A minor dispute or disagreement.
An unexpected and unfortunate occurrence.
“My sister and I would always have a contretemps over who could use the shower first in the morning, so I started showering at night.”
French, late 17th century
WHY THIS WORD?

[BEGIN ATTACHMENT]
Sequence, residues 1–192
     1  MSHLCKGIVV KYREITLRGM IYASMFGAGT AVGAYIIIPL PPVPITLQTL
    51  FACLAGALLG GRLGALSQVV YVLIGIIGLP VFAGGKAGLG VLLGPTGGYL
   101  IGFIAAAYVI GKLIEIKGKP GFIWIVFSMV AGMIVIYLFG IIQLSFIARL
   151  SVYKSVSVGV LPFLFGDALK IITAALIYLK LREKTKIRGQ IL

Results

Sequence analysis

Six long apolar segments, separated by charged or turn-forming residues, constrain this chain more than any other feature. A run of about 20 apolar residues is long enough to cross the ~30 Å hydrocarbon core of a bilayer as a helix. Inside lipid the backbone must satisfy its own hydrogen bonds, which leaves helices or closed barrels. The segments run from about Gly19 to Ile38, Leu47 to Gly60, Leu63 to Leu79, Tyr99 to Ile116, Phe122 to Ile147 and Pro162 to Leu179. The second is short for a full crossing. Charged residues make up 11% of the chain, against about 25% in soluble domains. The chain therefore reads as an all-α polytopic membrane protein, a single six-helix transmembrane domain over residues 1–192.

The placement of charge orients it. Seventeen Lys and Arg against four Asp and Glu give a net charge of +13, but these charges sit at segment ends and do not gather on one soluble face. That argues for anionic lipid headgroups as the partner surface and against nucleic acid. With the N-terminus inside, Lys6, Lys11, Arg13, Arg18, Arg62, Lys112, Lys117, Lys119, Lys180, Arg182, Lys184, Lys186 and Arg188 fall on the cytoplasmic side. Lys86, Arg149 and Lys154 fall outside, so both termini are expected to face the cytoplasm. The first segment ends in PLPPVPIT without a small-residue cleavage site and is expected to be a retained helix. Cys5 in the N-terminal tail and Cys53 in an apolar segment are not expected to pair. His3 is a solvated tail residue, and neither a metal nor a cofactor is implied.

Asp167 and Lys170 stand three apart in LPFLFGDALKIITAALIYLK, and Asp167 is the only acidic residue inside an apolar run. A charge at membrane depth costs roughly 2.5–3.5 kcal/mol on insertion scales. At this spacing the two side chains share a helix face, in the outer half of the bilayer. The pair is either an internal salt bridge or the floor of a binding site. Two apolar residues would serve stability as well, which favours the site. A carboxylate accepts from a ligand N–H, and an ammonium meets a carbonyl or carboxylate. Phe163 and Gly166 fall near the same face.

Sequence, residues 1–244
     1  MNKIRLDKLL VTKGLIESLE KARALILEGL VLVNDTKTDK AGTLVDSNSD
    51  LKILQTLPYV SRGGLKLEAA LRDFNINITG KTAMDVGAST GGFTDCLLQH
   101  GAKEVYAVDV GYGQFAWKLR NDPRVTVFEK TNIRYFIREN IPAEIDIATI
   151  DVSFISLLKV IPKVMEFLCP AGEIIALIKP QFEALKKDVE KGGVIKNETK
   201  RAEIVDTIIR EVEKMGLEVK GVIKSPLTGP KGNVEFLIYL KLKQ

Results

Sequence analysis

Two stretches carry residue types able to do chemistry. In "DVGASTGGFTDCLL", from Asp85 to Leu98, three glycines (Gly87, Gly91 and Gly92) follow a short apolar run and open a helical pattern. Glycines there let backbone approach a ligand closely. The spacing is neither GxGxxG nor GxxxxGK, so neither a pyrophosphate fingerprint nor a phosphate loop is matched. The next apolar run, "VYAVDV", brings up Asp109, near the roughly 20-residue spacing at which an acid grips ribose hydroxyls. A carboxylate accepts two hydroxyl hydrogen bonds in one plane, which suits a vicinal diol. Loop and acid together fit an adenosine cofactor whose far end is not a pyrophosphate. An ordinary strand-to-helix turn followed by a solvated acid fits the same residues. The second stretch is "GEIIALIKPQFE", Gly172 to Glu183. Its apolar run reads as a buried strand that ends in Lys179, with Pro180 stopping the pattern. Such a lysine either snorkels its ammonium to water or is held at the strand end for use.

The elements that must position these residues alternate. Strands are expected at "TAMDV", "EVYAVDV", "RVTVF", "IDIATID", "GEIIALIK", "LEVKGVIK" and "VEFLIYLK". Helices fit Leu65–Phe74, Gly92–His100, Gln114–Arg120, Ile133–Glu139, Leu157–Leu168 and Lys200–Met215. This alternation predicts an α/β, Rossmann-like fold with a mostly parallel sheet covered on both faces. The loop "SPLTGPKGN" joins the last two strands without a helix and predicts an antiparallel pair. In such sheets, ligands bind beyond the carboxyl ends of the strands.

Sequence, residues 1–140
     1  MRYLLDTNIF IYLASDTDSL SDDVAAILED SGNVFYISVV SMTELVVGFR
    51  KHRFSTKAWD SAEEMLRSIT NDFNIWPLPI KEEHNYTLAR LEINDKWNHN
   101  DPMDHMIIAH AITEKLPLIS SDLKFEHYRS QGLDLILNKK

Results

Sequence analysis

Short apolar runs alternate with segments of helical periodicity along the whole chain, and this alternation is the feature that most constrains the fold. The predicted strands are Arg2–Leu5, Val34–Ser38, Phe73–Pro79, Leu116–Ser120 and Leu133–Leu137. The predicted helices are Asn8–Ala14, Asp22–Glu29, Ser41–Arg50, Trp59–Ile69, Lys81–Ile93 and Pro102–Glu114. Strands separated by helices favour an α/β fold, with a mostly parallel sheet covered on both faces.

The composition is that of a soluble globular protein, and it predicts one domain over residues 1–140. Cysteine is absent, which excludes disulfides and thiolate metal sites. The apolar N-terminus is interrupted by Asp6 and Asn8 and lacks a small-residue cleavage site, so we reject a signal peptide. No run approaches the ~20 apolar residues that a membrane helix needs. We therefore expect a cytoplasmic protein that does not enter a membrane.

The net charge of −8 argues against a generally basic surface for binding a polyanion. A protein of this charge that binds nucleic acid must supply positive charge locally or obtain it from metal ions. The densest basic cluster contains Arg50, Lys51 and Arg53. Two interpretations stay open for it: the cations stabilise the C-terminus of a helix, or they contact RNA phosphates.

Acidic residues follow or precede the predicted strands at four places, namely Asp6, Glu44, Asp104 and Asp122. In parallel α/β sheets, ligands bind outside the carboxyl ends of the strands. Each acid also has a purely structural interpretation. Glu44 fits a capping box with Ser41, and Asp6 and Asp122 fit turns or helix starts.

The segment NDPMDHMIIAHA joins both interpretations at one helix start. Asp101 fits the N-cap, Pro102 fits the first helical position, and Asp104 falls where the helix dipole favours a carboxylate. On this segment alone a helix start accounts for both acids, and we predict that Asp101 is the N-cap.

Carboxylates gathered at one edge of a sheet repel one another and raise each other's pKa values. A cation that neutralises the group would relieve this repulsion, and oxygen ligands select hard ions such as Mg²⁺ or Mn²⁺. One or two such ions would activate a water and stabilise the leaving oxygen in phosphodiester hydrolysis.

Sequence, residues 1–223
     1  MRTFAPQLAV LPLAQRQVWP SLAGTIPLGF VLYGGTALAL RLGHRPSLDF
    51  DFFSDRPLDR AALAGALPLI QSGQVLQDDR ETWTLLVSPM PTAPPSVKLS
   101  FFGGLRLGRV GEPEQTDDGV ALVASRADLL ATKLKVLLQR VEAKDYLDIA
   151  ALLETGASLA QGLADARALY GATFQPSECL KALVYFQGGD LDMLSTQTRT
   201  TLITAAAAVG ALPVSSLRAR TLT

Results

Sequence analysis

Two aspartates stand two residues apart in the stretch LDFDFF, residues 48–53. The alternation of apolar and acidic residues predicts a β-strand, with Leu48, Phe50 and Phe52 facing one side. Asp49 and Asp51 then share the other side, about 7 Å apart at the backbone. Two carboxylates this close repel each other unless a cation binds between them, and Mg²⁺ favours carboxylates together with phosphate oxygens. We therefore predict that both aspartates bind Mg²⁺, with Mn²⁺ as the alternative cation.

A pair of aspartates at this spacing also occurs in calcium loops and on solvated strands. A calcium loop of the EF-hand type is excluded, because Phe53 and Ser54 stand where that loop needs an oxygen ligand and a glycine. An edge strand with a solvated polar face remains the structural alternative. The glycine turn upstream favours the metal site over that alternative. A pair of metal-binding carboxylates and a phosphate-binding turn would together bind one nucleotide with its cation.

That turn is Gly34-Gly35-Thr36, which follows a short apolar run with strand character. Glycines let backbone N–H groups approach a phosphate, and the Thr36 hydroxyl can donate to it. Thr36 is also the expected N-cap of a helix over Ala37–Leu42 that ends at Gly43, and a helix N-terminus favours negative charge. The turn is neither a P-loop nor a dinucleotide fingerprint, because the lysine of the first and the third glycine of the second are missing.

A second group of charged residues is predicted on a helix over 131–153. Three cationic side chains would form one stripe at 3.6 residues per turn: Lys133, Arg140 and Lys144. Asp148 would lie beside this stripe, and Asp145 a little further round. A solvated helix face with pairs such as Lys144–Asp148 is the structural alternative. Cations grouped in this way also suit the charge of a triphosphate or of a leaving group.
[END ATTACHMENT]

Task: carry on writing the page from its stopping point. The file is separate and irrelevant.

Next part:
This French loanword comes from the exciting world of fencing. Translated from French, it means “motion out of time,” with “contre-” meaning “against” and “temps” meaning “time.” In the 17th century, it originally denoted a thrust made at an inopportune moment. Today, the noun is used for a minor squabble, or an unexpected and unfortunate occurrence. If you find yourself with an épée (a fencing sword) in your hands, try to avoid any sense of contretemps.